A/N: This story is part of my Crossed Swords Alternate Multiverse and a sequel to "There and Back Again." You don't need to have read that story to understand this one, though, but there are a few references to the earlier adventure here and there. I've also tried to provide enough description for fans of one show but not the other to keep up. I do actually know where I'm going with this one, but I can't promise how regular updates will be.

More notes after the chapter!

Jeep Jockey Jumper
By San Antonio Rose

Chapter 1
The Only Motel in the Combat Zone

The night of October 1, 1944, found the men of Stalag 13 hard at work in their tunnel system, preparing for what appeared to be another routine assignment. USAAF Sgt. Andrew Carter and RAF Cpl. Peter Newkirk had changed out of their uniforms into the black pants and turtlenecks they wore for night reconnaissance and were blacking their faces as they walked into the map room, where USAAF Col. Robert Hogan and ALA Cpl. Louis LeBeau were double-checking coordinates.

"All set, sir," Newkirk stated.

"Good," Hogan replied without looking up. "Yeah, here it is, just off the Barnsdorf road, about two miles from here."

"Any idea what it's about, Colonel?" Carter asked.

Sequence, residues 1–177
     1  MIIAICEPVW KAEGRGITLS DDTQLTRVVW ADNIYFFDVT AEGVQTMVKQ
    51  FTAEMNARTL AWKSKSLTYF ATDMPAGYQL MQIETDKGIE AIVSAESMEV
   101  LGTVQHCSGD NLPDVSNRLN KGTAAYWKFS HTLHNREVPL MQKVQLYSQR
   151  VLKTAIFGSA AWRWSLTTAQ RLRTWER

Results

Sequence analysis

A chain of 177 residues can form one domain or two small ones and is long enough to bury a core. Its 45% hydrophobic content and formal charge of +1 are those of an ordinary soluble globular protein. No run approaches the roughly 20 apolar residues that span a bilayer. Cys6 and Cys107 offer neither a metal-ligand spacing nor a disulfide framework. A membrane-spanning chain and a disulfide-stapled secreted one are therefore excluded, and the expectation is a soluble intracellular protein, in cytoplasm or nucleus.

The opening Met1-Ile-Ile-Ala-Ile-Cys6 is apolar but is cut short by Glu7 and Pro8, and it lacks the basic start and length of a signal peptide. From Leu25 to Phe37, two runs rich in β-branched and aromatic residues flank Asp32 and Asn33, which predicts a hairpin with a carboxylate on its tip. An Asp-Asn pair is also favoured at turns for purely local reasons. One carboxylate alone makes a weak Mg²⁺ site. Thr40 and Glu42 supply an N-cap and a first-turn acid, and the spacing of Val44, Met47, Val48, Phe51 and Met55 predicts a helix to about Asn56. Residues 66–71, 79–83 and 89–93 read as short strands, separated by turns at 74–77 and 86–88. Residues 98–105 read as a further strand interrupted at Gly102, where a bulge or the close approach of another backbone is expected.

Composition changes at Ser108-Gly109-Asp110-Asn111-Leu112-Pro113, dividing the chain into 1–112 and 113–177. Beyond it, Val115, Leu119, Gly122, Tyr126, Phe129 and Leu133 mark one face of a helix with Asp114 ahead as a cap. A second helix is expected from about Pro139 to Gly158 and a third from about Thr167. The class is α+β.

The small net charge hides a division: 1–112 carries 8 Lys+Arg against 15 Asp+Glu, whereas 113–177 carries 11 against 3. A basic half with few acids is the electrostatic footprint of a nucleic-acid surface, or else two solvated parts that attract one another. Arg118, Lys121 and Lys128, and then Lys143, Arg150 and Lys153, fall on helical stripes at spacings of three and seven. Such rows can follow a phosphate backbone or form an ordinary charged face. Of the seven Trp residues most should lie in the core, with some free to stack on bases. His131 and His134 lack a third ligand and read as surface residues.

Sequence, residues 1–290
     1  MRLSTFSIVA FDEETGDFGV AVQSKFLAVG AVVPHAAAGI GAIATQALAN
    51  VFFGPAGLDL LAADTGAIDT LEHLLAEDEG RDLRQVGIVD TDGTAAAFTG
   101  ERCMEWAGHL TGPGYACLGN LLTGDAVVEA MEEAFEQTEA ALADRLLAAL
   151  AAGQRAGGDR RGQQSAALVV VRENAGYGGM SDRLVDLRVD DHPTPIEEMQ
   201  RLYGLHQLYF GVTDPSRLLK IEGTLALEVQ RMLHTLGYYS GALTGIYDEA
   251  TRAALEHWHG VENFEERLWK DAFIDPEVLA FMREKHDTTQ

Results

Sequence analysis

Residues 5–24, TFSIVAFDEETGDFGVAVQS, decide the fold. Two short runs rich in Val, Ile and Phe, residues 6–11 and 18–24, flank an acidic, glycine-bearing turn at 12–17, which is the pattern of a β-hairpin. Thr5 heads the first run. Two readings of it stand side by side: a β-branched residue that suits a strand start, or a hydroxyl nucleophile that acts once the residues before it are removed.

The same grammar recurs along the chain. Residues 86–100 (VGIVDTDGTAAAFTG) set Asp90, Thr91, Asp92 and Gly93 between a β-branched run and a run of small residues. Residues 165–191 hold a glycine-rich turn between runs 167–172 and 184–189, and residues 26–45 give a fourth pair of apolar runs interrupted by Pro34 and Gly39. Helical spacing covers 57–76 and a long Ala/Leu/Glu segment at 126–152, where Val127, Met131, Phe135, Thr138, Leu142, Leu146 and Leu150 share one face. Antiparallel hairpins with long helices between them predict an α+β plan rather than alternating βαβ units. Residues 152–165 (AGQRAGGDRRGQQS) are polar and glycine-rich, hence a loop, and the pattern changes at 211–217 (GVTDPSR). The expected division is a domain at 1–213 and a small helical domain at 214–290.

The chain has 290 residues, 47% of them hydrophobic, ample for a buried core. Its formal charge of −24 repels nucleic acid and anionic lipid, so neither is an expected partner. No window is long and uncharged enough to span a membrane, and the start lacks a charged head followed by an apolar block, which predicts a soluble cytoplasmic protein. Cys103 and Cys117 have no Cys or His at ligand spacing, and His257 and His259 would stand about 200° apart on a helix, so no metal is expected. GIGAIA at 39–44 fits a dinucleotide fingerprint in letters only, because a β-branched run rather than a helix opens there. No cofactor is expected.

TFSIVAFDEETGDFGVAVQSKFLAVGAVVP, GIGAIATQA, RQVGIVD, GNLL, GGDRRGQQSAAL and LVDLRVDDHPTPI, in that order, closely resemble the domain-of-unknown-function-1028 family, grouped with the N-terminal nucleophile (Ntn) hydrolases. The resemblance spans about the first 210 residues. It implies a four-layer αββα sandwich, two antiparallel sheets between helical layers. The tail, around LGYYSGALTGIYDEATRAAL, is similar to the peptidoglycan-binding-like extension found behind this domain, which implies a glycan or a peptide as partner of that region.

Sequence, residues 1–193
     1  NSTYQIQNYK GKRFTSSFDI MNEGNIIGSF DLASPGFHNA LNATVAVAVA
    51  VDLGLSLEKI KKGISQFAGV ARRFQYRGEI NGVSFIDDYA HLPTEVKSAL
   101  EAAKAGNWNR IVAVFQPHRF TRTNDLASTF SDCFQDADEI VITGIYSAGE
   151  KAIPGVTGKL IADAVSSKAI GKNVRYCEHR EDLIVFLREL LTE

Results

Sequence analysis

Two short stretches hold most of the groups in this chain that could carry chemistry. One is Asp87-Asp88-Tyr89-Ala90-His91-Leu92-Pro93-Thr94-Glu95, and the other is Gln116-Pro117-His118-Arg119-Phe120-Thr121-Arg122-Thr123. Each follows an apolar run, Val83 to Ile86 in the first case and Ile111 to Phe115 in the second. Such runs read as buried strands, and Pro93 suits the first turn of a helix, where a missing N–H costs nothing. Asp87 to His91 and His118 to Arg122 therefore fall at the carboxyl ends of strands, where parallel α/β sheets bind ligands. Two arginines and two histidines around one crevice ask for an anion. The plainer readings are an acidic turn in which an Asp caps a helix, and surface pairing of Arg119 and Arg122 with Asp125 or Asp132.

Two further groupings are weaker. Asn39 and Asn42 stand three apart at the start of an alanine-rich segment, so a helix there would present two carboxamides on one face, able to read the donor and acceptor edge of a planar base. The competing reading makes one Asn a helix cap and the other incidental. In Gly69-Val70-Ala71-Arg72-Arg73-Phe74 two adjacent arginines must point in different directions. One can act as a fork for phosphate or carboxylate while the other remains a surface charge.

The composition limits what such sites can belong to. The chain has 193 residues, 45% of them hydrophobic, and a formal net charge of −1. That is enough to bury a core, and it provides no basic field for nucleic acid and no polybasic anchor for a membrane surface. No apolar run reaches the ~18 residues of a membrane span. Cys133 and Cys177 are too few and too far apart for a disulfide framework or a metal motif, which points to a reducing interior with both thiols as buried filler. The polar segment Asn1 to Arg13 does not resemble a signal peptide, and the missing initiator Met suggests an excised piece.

Hogan shook his head. "No, all London said was to meet the courier and bring him into camp. He'll probably brief us on the mission when he gets here."

LeBeau looked at his watch. "It's 2200 hours, colonel."

Hogan checked his own watch and nodded. "Okay, let's go."

The four airmen made their way to the emergency tunnel, where USAAF Sgt. James "Kinch" Kinchloe had taken his station at the periscope, checking for patrols.

"How's it look, Kinch?" Hogan asked.

"Somethin' just landed in the brush a minute or two ago," Kinch reported. "It's about twenty feet from the tunnel entrance."

"What sort of something?"

The black radio man turned away from the periscope. "I dunno. I can't see it. It's big, though."

"It's big, but you can't see it?" LeBeau repeated.

"You mean the light's bad?" Carter frowned.

"No," said Kinch, "I mean I can't see it. It's invisible."

The other men exchanged a glance.

Kinch turned back to the periscope. "Hold on, there's somebody out there now--huh."

Another shared glance. "Don't tell me the hobbits are back," Hogan said.

"No... but it's almost as strange. Here, see for yourself."

Kinch stepped aside, and Hogan looked through the periscope just in time to see a large goateed man with dreadlocks kneel down in front of the viewing can, look at it quizzically, and tap on the lens. The stranger then motioned to another man in black, and Hogan turned the periscope slightly--just enough to catch the American flag on the second mans left sleeve as he moved into the light.

"Carter, get 'em down here fast," Hogan ordered.